Sudan will hand over longtime autocrat Omar al-Bashir to the International Criminal Court along with other officials wanted over the Darfur conflict, the country”s foreign minister Mariam al-Mahdi said on Wednesday.
Bashir, who ruled Sudan with an iron fist for three decades before being deposed in 2019, faces charges of genocide, war crimes and crimes against humanity in Darfur.
Sudanese prosecutors last year started their own investigation into the Darfur conflict.
The Darfur conflict broke out when rebels from the territory’s ethnic central and sub-Saharan African community launched an insurgency in 2003, complaining of oppression by the Arab-dominated government in Khartoum.
Al-Bashir’s government allegedly responded with a campaign of aerial bombings and raids by militias known as janjaweed, who stand accused of mass killings and rapes.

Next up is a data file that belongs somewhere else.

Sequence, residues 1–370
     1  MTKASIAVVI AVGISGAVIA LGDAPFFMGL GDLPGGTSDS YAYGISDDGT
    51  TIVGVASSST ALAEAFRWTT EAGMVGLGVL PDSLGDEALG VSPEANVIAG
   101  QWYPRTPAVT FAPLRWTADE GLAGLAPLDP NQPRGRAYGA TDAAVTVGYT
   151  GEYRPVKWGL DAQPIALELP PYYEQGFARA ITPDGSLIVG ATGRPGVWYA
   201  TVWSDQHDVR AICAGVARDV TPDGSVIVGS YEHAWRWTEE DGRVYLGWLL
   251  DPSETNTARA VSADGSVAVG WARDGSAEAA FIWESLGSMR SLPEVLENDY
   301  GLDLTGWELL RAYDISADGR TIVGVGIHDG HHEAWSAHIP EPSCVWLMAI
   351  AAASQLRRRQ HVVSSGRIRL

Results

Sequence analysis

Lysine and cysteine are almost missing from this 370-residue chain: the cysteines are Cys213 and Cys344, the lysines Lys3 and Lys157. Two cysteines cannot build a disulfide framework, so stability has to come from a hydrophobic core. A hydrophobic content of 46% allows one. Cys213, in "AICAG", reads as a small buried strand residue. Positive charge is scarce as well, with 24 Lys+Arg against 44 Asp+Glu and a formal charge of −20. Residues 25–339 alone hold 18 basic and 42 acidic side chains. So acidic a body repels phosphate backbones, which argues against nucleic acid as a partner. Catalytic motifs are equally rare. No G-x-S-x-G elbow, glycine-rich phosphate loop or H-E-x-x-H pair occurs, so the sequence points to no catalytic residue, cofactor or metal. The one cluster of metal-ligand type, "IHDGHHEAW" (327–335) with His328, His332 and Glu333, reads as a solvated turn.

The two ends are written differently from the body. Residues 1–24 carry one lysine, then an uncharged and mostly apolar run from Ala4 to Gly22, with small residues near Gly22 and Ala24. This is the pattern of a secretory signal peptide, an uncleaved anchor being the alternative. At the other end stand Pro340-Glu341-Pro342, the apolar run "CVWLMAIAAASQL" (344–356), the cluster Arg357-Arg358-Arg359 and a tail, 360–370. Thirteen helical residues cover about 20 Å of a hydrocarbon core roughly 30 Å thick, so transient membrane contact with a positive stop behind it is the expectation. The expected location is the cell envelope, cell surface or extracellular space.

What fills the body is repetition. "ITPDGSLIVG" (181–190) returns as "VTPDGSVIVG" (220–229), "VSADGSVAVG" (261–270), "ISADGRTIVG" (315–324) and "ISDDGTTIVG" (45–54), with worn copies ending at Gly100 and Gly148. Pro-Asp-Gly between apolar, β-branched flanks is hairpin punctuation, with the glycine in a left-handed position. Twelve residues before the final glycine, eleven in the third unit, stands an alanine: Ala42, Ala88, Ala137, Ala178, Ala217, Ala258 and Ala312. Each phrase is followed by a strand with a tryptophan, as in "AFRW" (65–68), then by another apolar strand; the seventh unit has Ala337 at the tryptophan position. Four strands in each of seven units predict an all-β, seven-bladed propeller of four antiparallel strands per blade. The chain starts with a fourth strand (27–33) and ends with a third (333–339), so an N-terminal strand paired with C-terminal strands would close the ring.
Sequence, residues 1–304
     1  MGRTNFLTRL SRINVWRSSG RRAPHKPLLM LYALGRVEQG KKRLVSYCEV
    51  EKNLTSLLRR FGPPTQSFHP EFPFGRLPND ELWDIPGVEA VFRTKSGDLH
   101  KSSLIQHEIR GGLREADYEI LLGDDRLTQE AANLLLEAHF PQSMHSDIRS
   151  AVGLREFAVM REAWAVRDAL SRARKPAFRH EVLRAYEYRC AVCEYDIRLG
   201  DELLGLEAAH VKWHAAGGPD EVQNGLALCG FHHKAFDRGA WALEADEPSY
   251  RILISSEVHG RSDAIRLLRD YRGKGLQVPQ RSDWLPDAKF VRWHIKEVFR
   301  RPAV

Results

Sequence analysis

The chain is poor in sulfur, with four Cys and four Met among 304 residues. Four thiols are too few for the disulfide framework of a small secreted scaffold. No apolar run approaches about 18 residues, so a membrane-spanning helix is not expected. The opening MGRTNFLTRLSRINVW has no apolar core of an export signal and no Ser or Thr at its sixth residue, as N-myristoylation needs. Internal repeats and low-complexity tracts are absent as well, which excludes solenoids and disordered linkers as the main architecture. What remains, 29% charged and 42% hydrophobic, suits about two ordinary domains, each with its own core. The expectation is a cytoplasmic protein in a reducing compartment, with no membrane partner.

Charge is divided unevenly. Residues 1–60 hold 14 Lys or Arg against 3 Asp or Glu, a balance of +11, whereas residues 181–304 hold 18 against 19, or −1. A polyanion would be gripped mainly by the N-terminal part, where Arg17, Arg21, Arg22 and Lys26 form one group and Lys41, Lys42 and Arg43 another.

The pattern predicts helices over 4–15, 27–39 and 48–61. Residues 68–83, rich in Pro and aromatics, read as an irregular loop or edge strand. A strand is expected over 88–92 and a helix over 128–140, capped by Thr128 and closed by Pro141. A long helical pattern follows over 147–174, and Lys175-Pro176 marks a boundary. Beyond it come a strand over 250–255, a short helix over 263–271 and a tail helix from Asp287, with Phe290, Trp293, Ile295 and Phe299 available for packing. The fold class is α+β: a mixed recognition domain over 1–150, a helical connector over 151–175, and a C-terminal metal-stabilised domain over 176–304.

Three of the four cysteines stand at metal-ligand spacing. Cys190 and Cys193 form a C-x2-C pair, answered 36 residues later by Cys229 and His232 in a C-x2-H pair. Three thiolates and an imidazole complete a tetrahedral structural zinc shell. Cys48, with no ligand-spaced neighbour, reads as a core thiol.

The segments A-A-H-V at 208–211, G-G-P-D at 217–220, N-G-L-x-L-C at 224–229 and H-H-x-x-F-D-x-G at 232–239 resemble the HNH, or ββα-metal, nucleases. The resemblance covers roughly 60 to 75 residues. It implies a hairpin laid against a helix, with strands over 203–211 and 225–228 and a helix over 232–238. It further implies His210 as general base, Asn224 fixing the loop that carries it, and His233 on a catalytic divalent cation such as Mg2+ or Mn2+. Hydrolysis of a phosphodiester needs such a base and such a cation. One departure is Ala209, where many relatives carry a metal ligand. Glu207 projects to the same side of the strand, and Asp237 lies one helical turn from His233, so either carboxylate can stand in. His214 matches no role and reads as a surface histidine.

The United Nations says that up to 300,000 people were killed and 2.7 million were driven from their homes during the conflict.
Human rights groups have long accused Bashir and his former aides of using a scorched earth policy, killing, looting and burning villages.
According to Sudan News Agency, the decision was taken after a consultative meeting in Khartoum between the office of the foreign ministry and the new chief prosecutor of the Hague-based court, Karim Khan.
ICC judges said in July that Bashir would be the first suspect to be tried over the Darfur conflict, facing 31 counts including murder, rape and torture.
Also handed over to the ICC are two other senior figures from al-Bashir’s rule, including former governor of South Kordofan state Ahmed Haroun, and the former minister of defence, Abdel Rahim Mohamed Hussein.
Both are wanted on the same charges. They were arrested after the fall of Bashir and are currently being held in Sudan.
The court also indicted rebel leader Abdulla Banda, whose whereabouts are unknown, and janjaweed leader Ali Kushayb, who was charged in May with crimes against humanity and war crimes.
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